Advice for protesting your property taxes – 2010
There were 92,000 appeals in Travis County in 2010 and, historically, you have a 50/50 chance that your property tax valuation is too high.
- File your protest as late as possible then request an extension (the later in the year your hearing, the better the results).
- On protest form Step #3 – check everything that applies but always check box 1 – Value is over market value and, 2 – Value is unequal compared with other properties.
- On protest form Step #4 facts: never put a value; instead put “request tax payer info package” (shows the homes they are using as your comps).
- Study those comps (your Realtor can help with this).
- Your property valuation is supposed to represent the fair market value on January 1 based on similar sold property in the area.
- What neighborhood grid are they using? Fight that your house is not typical for your grid.
- Take marginal photos of your home.
- The more you study, the better chance you have.
- You have your best chance with the informal hearing vs. going before the Board (not flexible).
- Travis protests must be filed by June 1, 2010.
- It is best to settle informally but you can escalate to a formal hearing if you do not agree with the results of the informal hearing.
- Be prepared with accurate sold data and photos. If you refinanced and have an appraisal that supports a lower number, include that with your data.
Here is a helpful link: http://www.window.state.tx.us/taxinfo/proptax/protests.html
There are professional services that will protest your taxes on your behalf for a fee (typically, 40%). TX Protax Austin, Inc has been around the longest. www.texasprotax.com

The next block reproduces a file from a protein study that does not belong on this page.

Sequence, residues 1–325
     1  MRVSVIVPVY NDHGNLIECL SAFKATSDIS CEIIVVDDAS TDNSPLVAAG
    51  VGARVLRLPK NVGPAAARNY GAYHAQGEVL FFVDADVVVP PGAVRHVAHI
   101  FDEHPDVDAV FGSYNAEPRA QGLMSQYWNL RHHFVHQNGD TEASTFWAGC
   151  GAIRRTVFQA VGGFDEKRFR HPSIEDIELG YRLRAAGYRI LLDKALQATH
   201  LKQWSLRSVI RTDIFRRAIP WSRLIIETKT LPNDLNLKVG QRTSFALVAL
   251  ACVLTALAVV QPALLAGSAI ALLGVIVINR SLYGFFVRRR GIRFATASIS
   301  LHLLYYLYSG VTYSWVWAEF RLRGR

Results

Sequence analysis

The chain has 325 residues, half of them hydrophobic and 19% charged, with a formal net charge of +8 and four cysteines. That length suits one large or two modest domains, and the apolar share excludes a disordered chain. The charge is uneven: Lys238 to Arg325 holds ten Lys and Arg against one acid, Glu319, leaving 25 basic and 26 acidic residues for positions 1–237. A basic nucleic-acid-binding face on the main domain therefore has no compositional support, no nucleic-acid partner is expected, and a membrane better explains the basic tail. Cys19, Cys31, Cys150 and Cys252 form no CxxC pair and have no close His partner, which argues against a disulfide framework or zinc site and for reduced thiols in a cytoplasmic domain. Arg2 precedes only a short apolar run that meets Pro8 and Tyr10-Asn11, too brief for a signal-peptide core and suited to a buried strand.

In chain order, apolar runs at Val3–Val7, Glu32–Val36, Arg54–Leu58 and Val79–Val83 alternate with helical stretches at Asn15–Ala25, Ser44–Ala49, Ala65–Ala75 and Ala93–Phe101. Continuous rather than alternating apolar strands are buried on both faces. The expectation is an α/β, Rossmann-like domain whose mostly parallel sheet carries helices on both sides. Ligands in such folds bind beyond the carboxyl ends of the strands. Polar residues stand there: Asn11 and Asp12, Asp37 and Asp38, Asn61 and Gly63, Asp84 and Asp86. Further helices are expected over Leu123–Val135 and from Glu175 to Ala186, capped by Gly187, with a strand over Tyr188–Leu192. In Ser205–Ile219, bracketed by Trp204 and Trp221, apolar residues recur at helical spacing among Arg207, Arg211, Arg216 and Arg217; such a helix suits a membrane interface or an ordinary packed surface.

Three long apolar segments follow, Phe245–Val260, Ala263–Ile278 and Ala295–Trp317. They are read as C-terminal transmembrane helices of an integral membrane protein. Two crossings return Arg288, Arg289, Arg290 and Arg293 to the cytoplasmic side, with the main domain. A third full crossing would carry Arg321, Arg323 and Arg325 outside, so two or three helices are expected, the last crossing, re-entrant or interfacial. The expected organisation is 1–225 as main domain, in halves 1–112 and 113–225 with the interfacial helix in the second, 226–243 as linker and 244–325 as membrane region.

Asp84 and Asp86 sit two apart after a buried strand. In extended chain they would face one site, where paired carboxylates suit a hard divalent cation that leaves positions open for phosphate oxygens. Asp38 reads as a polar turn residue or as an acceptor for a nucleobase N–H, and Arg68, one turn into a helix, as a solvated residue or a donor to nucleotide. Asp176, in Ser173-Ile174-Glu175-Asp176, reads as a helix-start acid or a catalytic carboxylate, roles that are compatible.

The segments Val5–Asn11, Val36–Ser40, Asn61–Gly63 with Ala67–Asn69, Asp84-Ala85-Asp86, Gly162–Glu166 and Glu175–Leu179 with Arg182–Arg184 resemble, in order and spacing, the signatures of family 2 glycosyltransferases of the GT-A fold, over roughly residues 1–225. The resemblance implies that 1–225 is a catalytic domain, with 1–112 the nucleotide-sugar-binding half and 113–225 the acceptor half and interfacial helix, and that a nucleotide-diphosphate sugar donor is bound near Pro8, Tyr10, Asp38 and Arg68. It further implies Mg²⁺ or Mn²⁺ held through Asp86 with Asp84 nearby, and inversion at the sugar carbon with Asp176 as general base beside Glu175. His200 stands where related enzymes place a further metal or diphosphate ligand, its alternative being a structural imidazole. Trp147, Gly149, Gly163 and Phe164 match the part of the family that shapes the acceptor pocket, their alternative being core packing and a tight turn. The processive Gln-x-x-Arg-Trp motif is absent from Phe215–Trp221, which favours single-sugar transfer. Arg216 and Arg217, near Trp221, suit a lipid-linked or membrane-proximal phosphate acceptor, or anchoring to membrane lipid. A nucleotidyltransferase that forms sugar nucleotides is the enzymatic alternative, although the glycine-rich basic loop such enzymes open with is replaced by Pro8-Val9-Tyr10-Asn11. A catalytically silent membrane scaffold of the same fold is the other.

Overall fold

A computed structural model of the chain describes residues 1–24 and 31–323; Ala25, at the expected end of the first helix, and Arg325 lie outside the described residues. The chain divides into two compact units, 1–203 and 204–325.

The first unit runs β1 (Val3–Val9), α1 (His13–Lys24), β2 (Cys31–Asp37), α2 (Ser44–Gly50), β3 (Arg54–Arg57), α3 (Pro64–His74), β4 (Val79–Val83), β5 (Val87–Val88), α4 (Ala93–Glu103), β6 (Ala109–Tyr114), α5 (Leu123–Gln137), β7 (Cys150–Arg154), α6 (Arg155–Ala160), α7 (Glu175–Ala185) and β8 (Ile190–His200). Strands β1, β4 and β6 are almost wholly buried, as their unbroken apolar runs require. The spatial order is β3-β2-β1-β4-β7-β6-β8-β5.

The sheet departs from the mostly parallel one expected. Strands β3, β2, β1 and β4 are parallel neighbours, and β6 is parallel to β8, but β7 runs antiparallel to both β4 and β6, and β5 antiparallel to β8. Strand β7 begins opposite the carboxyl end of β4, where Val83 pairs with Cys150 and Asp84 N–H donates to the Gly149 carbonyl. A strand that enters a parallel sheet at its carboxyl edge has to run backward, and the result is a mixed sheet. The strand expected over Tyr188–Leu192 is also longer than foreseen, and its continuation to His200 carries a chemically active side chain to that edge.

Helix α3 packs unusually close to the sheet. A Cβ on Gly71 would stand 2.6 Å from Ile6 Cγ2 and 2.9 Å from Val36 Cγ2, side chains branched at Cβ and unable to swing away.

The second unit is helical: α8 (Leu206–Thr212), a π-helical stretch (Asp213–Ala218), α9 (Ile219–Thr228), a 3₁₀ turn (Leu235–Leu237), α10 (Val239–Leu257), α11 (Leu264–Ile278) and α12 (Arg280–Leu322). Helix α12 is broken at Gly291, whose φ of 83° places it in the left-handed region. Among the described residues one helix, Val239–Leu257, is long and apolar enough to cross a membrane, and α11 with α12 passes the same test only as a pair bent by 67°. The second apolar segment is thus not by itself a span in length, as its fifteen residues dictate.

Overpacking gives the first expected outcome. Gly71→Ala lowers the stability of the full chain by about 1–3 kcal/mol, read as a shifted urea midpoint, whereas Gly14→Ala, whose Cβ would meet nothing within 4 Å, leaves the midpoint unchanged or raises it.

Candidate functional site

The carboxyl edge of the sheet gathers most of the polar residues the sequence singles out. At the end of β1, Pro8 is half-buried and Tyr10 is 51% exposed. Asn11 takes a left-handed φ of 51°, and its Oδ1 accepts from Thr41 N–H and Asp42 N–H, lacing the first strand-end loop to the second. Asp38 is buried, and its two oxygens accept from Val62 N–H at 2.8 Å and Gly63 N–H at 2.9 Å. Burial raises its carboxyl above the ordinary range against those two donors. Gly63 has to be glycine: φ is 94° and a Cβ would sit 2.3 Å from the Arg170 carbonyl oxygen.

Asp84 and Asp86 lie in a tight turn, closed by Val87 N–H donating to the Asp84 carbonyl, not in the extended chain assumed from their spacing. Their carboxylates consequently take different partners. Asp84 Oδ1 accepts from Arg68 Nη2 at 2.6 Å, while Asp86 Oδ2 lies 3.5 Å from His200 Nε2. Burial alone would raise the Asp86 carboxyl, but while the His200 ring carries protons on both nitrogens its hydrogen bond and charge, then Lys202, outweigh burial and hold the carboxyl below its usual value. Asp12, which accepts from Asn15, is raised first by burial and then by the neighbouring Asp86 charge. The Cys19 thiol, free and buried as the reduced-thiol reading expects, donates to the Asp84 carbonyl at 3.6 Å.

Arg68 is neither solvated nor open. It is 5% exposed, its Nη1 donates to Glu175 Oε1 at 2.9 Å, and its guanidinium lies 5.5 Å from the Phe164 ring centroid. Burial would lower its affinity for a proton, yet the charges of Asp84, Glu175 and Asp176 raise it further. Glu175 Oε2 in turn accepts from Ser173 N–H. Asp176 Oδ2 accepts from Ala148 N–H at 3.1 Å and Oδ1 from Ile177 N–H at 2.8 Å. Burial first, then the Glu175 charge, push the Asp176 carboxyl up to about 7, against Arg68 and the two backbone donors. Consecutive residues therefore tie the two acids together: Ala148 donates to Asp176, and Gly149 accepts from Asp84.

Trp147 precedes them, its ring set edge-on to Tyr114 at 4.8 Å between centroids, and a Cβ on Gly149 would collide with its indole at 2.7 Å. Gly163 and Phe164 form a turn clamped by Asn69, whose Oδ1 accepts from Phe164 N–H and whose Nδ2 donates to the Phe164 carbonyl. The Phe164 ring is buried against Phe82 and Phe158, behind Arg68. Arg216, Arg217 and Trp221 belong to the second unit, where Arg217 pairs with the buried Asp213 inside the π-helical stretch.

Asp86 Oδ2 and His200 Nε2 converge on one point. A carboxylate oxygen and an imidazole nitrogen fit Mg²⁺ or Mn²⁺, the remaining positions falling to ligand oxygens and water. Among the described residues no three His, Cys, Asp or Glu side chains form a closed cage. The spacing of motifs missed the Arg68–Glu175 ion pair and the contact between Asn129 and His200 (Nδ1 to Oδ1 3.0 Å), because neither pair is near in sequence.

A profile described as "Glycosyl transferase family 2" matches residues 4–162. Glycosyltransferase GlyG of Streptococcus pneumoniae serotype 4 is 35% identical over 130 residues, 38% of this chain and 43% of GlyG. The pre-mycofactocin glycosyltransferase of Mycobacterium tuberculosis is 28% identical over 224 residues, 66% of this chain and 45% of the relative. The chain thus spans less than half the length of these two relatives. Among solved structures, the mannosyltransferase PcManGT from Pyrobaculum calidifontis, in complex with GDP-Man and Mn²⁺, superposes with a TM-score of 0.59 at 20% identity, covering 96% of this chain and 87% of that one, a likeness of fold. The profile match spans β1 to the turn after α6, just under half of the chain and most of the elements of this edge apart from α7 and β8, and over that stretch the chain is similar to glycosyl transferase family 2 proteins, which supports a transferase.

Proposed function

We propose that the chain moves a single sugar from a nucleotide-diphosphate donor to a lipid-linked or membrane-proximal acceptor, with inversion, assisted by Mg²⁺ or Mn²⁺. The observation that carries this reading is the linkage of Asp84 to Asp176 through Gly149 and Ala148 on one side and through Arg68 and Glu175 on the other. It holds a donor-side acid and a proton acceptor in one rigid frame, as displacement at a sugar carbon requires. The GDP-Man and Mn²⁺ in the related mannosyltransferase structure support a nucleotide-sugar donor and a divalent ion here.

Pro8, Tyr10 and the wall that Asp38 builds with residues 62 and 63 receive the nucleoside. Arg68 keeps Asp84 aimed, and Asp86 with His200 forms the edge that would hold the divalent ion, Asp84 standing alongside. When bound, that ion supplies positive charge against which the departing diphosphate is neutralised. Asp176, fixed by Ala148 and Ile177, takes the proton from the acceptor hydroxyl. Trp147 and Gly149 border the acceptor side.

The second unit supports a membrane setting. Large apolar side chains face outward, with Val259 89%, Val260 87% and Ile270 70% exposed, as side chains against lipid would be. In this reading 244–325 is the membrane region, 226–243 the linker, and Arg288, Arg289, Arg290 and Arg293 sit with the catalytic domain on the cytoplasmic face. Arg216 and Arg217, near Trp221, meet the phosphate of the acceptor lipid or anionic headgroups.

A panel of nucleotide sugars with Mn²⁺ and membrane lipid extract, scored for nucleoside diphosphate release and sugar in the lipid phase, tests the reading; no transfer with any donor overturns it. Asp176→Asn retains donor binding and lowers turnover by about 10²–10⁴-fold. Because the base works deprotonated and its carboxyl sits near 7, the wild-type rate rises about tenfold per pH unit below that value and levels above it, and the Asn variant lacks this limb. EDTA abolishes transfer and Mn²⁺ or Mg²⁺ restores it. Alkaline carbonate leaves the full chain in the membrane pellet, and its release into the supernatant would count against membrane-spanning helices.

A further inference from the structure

AUSTIN (Austin American-Statesman) – Preliminary estimates of the market value of Travis County properties are 5.3 percent below those in 2009, the first decline since 2003. Patrick Brown, chief appraiser with the Travis Central Appraisal District, estimated the total market value of the property in the county at $116.9 billion, $6.5 billion below last year’s total value of $123.4 billion.
“These are predictions, not promises,” said Brown, who is still analyzing the figures before sending out notices to taxpayers in a few weeks. The estimate means local government leaders must decide whether to raise tax rates, cut budgets or both to compensate for tens of millions of dollars in lost property tax revenue.
Residential property assessment increases are restricted to 10 percent or less by state law. However, the law also requires that assessed values continue to rise until they equal market values.
Disclaimer: This blog post is intended to give general information to homeowners and does not constitute or imply any kind of representation by The Nelson Project or Keller Williams Realty. Homeowners should do their due-diligence in collecting the appropriate date to effectively assess their tax protest situation
© Julie Nelson and The Nelson Project at Keller Williams Reatly, 2008-2010. Unauthorized use and/or duplication of this material without express and written permission from this blog’s author and/or owner is strictly prohibited. Excerpts and links may be used, provided that full and clear credit is given to Julie Nelson and The Nelson Project at Keller Williams Realty with appropriate and specific direction to the original content.